HEATH, Ohio — East of Columbus stands a national landmark that in 2006 was designated by the state of Ohio as "the official prehistoric monument of the state." The Native American landmark is also part of a golf course, but an organization is working to retake the land from its tenants.

What You Need To Know

  • Octagon Earthworks at Newark Earthworks is included in the grounds of the Moundbuilders Country Club

  • Since 1933, Ohio History Connection has owned the property, and leased it to the Moundbuilders Country Club.

  • The lease runs through 2078

  • The Ohio Supreme Court heard an eminent domain case on the property in April

Cherokee professor of art education at Ohio State University, Dr. Christine Ballengee Morris has been an advocate for the Octagon Earthworks at Newark Earthworks for nearly three decades. 

She also continues to fight for the mounds to be open to the public and deemed a World Heritage site. 

“Access to the Octagon Mound has been the central key to all of this from the very beginning,” Ballengee Morris said. “It was because we wanted to use it, be there and invite people to come to this magnificent site, and the fact that it's the only earthen calendar in the world, is the Octagon Mound, and there's a golf course on it.” 

Since 1933, Ohio History Connection has owned the property, and leased it to the Moundbuilders Country Club. 

According to the Ohio History Connection, the Octagon Earthworks, enclosing 50 acres, has eight walls, each measuring about 550 feet long and from five to six feet in height. The Octagon Earthworks are joined by parallel walls to a circular embankment enclosing 20 acres.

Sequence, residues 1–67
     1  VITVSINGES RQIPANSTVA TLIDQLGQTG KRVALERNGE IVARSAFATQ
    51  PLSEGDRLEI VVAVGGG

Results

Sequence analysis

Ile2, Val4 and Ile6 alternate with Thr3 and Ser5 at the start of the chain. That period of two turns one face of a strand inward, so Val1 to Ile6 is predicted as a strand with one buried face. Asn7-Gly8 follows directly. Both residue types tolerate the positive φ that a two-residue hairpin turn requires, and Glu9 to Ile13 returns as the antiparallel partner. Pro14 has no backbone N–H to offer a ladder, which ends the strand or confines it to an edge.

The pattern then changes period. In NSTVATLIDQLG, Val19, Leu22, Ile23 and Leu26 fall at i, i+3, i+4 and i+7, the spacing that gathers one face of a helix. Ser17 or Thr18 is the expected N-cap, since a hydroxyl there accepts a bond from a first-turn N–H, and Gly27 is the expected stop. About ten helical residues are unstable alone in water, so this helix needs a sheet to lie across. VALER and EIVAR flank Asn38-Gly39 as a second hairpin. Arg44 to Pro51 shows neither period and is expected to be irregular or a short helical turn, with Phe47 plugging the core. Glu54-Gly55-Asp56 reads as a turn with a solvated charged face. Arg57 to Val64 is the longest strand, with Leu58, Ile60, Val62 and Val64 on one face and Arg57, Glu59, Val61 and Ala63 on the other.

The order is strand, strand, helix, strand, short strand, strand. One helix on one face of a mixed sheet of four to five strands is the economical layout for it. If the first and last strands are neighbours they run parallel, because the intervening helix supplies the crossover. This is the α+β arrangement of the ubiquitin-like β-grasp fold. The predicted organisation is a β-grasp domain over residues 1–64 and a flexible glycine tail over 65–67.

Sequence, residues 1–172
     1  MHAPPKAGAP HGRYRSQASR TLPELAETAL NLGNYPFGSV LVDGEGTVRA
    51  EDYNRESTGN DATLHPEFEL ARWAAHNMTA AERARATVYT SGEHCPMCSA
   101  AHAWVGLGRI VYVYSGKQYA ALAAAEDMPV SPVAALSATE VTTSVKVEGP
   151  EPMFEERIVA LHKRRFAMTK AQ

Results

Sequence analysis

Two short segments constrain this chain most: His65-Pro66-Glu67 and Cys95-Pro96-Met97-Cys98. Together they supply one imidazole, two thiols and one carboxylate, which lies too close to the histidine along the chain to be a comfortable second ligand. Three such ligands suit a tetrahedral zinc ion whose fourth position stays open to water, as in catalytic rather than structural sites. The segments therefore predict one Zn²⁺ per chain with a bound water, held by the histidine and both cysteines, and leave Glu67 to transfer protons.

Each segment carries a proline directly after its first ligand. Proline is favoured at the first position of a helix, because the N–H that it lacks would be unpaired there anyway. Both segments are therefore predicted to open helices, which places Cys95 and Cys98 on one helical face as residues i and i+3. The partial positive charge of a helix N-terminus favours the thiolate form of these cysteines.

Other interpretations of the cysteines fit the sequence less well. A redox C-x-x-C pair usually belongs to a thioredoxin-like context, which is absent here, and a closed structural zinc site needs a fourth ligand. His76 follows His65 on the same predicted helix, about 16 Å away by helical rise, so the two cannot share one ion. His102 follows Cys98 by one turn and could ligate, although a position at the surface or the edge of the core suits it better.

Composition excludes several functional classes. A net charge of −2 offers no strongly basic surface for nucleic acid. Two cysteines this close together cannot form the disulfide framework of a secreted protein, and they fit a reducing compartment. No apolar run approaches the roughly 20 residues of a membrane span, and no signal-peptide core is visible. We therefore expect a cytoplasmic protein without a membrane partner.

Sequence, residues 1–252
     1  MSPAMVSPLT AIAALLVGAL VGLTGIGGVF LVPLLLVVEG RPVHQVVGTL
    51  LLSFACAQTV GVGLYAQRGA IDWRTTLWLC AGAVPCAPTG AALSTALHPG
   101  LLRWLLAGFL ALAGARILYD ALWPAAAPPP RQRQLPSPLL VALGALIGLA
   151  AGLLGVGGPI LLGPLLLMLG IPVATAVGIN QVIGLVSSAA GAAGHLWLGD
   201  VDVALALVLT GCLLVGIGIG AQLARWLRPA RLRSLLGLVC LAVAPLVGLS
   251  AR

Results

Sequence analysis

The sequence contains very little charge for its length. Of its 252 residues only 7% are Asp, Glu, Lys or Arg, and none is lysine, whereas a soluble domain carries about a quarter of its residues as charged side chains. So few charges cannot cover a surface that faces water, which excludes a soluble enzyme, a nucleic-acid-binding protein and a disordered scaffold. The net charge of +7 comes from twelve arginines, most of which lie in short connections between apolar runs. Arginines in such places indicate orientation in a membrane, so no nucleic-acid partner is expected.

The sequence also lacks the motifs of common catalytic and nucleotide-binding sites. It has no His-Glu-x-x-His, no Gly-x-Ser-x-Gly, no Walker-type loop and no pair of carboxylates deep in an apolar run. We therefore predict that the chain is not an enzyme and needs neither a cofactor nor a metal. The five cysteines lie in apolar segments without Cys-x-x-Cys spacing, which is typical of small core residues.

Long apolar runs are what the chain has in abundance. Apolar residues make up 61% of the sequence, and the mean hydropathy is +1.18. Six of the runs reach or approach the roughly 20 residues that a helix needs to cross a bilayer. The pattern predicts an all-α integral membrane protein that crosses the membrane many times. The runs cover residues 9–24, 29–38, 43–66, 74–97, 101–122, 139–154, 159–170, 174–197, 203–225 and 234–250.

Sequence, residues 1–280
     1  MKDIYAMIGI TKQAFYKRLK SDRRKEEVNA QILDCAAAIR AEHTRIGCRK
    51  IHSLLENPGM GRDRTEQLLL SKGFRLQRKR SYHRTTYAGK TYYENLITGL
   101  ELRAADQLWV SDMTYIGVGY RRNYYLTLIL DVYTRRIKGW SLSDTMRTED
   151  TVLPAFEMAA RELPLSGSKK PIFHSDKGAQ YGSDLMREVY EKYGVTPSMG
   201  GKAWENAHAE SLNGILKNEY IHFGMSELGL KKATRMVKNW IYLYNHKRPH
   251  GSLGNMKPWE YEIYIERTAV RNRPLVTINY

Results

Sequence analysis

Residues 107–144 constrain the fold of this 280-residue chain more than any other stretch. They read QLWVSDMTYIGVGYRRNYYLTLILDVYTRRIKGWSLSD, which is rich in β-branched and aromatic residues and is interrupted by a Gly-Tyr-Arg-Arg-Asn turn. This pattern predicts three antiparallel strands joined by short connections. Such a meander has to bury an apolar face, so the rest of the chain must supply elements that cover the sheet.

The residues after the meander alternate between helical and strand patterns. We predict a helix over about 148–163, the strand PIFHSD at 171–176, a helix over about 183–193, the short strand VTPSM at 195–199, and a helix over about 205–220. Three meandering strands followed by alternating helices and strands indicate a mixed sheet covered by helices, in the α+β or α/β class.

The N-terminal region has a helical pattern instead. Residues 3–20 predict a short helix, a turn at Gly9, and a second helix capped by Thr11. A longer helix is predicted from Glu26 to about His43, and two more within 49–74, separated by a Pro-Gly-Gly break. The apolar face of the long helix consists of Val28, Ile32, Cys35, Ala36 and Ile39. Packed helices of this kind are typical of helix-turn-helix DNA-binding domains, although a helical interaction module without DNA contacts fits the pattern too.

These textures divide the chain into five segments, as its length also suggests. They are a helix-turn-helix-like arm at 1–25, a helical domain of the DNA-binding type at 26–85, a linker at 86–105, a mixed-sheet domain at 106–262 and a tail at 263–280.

The lease runs through 2078, but in recent years, the nonprofit took the country club to court in hopes of ending the lease through eminent domain.

Three years later, it’s up to the Ohio Supreme Court to make a decision, one Ballengee Morris thought she'd never see. 

“So within that, that mindset, I’m patient in waiting,” she said. “I know it's coming. I have no doubt.” 

David Kratoville is the President of the Board of Trustees for Moundbuilders Country Club. 

He said the course is unlike any seen in the world, and the 300 blue collar members are stewards of the property 

However, Kratoville said the battle with Ohio History Connection has taken its toll and put a level of uncertainty into its operation. 

“On one hand we can stay here to the end of our lease, which is what we expected when we built this golf course, and all these facilities that you see,” Kratoville said. “On the flip side, if the court chooses to rule against us, we'll have to vacate and that means an uncertain future.”

He said the board is open to the creation of a new golf course, and state officials have proposed $1.7 million. But the two sides are too far apart, as the Moundbuilders Country Club is seeking upward of $12 million. 

'We've invested an awful lot in this property and ultimately the Ohio History Connection doesn't want to pay us for what we've invested in,” Kratoville said. “If the money was right, we have always said that we would consider it in good faith.” 

For now, both sides know a decision by the Ohio Supreme Court looms in the near future, whether the Octagon Earthworks remains a golf course or inches closer to a World Heritage Tourist site.